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When Miriam College started under a new name, the event was “a big leap of faith”: the Sisters believed that the alumnae and the administrators they trained could do it, and the administrators believed that they could make Miriam College thrive in the midst of competition from the big co-educational schools.  

Nobody was fully aware that when the school took the crucial step in renaming itself, it re-branded itself. Guided by a dynamic Board of Trustees whose eyes were on emerging needs and development, Miriam College developed its progressive pedagogy, upskilled its faculty, focused on STEAM for girls, pursued innovation with an eye on the future needs of the country and introduced new, more relevant courses. And all the while the Maryknoll core values, with the central theme of building God’s kingdom on earth, became part of the DNA of Miriam College. Maryknoll and Miriam have thus become intertwined, and flowered in a transformative kind of education “that allows the human spirit to flourish.” 

It was a very lonely beginning for Miriam College as it stood alone at the beginning in 1989 with no other school connected to it by name.  Maryknoll Academy in Lucena went through the same trial as it became Maryhill Academy, now Maryhill College. But like other Maryknoll schools all over the Philippines it went under the leadership and management of diocesan priests and archbishops. No other private school founded by a religious congregation had gone through the “solo swim in a big ocean” challenge of Miriam College. Other schools have a congregation with them and other campuses spread around the country as sister or brother schools which were “feeder schools for college.” Miriam College only had its tenacious spirit.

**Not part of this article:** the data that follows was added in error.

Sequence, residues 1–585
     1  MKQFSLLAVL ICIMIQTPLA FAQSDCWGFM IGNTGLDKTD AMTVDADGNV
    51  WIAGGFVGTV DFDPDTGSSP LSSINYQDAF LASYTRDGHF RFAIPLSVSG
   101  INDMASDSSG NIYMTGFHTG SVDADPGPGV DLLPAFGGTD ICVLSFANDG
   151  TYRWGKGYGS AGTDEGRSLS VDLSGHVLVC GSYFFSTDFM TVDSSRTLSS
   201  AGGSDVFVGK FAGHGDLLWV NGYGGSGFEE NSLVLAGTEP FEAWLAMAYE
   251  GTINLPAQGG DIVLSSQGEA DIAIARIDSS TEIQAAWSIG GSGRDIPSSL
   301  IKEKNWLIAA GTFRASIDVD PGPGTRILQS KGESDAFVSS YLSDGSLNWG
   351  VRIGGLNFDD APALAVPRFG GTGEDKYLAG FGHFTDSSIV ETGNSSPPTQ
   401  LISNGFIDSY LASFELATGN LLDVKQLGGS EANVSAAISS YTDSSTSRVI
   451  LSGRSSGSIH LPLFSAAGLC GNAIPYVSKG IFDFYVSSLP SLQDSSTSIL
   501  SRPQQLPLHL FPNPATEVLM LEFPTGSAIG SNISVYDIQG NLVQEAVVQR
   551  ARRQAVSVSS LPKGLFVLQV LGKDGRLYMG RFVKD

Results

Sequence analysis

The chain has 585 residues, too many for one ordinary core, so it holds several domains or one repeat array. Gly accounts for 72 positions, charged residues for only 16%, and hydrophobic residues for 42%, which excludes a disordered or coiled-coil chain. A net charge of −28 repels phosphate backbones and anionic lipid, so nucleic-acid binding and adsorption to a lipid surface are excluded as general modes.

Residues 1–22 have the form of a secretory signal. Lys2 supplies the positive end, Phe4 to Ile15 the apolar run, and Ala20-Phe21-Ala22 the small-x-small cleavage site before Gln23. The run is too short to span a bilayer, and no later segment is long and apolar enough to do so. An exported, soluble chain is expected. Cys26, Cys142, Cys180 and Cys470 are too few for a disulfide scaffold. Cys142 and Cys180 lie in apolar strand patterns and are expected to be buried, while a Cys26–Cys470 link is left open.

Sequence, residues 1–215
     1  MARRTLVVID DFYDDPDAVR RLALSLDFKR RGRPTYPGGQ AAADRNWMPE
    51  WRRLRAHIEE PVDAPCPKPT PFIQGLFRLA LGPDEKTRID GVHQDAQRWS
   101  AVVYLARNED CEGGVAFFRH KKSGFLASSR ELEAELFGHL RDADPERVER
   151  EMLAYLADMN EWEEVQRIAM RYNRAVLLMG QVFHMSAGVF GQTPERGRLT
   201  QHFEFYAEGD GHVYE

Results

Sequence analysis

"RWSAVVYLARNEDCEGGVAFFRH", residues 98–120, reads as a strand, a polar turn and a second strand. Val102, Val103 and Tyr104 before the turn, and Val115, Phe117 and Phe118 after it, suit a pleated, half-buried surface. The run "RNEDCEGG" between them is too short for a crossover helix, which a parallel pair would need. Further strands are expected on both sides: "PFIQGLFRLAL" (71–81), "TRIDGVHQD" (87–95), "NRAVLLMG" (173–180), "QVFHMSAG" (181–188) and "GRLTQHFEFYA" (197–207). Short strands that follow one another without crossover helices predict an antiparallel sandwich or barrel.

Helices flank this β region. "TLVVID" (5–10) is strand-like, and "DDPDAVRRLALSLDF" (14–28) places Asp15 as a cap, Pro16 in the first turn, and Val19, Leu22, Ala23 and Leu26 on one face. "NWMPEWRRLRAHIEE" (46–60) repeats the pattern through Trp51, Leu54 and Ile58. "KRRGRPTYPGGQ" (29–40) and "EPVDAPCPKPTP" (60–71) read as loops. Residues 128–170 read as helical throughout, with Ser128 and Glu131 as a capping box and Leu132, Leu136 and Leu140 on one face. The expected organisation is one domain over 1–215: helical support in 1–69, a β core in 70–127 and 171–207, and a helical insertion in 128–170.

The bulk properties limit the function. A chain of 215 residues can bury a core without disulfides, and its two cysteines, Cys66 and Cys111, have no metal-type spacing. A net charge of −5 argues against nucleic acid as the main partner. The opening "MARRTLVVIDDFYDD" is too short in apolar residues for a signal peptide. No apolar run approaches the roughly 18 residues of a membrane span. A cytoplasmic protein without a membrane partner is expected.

But the question has remained:  why did the Maryknoll Sisters have to withdraw the name Maryknoll from the institution that they built so well and which had a lot of good will and an excellent reputation? Why start with a name that had no connection with a religious order, nor with education as a discipline, nor with a school system? Miriam College saw the upside. It was an excellent opportunity to re-brand and to re-direct itself to increase its relevance in the country’s human and economic development  

Renamed Miriam College to honor Sister Miriam Thomas Thornton who believed strongly in the lay administrators, faculty, and the Board decided at the outset to go where their collective spirit led them: to offer the kind of academic formation at Miriam College that is more accessible to many aspiring women while imparting the “world-mindedness and service-orientation” needed for social change.  At the same time the institution remained mindful of the loyal families (the legacy families) who have continued to send their daughters to the institution through many generations because of the school’s consistent high academic standards. Three qualities of the Maryknoll Sisters helped the administrators move forward: generosity, humility, and fidelity to their mission. 

During the Sisters’ meeting in Hong Kong on their missions in various countries in the Asia Pacific, the Sisters discussed how and what Miriam College could do to strengthen partnership with the Maryknoll Congregation There was so much for them to do globally when they left  Loyola Heights: the democracy movements in South America where three Maryknoll Sisters were killed, lack of health and education facilities in Southeast Asia, the cry of African nationals for food, water, and healing, etc. And there remain intractable issues. Meanwhile the faculty and administrators at Miriam College continue to address deeply entrenched socio-economic issues through advocacy centers and academic courses.